Lansky Ordered Expelled from Israel

A five-member Supreme Court panel today unanimously upheld a government order to expel Meyer Lansky, reputed US gangland boss, who had sought refuge in Israel under the Law of Return. The Court ruled that the Interior Ministry had ample grounds to support its decision that Lansky had “a criminal past likely to endanger the public welfare.” The Court rendered its decision after studying the complete dossier on Lansky provided by US authorities. There was no indication today when Lansky must leave Israel.

The rejection of Lansky’s appeal against the government’s decision may not, however, result in his deportation to the US where he is wanted on criminal charges. The government announced some time ago that it would furnish Lansky with a laissez passer to any country willing to admit him. US authorities have revoked his passport and without a laissez passer his eviction from Israel would be tantamount to deportation.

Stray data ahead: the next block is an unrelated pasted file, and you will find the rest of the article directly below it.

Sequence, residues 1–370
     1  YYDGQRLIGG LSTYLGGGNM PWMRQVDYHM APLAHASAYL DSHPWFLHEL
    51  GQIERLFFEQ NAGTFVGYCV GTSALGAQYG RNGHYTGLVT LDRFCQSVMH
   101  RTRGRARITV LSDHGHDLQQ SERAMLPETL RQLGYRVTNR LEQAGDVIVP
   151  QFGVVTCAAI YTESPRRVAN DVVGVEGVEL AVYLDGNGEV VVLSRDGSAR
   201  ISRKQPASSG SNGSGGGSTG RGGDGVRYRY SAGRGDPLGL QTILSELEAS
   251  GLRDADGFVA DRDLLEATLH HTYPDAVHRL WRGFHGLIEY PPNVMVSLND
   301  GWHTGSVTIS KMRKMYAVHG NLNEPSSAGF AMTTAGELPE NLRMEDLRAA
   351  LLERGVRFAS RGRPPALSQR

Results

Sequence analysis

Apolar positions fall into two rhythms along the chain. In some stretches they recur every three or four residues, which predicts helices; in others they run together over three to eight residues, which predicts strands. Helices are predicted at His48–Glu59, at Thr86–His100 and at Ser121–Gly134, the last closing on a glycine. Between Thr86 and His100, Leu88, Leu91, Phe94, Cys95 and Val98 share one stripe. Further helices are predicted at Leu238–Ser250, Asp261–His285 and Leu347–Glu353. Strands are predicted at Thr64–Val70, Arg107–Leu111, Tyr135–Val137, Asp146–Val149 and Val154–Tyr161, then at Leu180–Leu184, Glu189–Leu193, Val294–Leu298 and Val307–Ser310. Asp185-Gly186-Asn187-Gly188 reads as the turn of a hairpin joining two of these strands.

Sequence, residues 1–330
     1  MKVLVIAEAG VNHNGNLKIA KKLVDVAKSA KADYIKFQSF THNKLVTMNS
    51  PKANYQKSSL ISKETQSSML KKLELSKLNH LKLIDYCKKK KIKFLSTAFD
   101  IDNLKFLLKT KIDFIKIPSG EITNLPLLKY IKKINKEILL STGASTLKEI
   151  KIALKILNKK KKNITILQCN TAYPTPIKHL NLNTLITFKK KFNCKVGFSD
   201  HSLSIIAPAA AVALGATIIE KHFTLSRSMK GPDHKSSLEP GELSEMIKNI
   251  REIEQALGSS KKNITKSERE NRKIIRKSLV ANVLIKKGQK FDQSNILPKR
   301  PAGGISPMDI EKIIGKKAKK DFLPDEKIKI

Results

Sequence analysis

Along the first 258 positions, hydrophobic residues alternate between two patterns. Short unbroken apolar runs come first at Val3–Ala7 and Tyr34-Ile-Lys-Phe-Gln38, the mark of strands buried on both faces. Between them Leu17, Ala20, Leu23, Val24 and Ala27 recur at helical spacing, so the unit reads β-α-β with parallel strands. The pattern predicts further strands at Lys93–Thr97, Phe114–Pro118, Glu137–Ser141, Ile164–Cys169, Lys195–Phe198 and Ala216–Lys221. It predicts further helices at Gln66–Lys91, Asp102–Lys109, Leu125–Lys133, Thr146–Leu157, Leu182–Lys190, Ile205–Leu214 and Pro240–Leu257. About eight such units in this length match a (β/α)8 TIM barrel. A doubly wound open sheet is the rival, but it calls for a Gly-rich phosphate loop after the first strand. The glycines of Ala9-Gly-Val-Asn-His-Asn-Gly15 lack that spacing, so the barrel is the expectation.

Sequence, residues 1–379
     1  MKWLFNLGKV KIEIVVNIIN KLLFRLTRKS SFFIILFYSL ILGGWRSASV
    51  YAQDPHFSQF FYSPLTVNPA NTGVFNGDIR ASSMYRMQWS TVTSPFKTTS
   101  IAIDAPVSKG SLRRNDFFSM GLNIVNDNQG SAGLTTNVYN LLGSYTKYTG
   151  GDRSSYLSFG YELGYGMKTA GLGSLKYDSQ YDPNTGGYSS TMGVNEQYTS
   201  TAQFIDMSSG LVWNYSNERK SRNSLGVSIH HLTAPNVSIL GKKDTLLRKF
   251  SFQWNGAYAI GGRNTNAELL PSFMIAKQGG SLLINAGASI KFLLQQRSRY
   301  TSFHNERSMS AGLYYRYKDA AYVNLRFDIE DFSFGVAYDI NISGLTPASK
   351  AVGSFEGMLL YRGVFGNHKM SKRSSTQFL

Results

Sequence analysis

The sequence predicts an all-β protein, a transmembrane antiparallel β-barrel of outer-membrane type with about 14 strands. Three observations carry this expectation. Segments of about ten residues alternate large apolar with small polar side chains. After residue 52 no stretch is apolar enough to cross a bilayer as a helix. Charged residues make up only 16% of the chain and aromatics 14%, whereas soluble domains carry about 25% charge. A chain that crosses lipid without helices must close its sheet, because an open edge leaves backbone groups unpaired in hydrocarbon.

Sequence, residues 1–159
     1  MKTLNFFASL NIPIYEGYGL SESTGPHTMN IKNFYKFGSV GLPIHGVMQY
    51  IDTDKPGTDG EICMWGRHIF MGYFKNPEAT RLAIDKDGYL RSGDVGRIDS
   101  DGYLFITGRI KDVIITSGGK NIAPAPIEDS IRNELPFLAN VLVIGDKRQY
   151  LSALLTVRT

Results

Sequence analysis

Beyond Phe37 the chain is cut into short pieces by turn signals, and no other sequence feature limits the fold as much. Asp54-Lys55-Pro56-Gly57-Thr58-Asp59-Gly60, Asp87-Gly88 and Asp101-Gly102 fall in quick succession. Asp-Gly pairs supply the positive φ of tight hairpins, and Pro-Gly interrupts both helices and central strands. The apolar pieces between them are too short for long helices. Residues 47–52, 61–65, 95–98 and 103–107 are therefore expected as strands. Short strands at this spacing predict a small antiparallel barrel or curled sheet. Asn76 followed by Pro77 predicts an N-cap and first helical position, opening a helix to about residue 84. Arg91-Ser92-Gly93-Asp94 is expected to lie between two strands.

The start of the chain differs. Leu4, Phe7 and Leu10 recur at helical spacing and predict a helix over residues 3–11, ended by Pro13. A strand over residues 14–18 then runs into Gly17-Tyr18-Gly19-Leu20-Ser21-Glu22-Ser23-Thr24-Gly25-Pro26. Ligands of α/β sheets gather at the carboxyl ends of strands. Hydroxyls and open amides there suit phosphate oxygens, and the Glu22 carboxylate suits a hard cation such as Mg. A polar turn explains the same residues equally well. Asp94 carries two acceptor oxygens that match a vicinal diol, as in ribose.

The alleged underworld czar, who is 70, came to Israel in 1970 on a tourist visa. When the government refused to renew the visa last year, Lansky applied for citizenship under the Law of Return. But the law makes exceptions in the case of people with criminal records who are likely to endanger the public welfare.

That exception was applied in an 83-page judgement prepared by Justice Shimon Agranat, President of the Supreme Court, and concurred in by the other four justices sitting on the case. Lansky’s appeal against eviction was heard by the Supreme Court last May and June. Lansky was present in the court today and appeared disquieted by the ruling. The Court ordered him to pay $500 in costs. Justice Agranat praised Lansky’s counsel, Yoram Alroi of Tel Aviv for his pleading on behalf of his client but added that the lawyer was “fighting a lost cause.”

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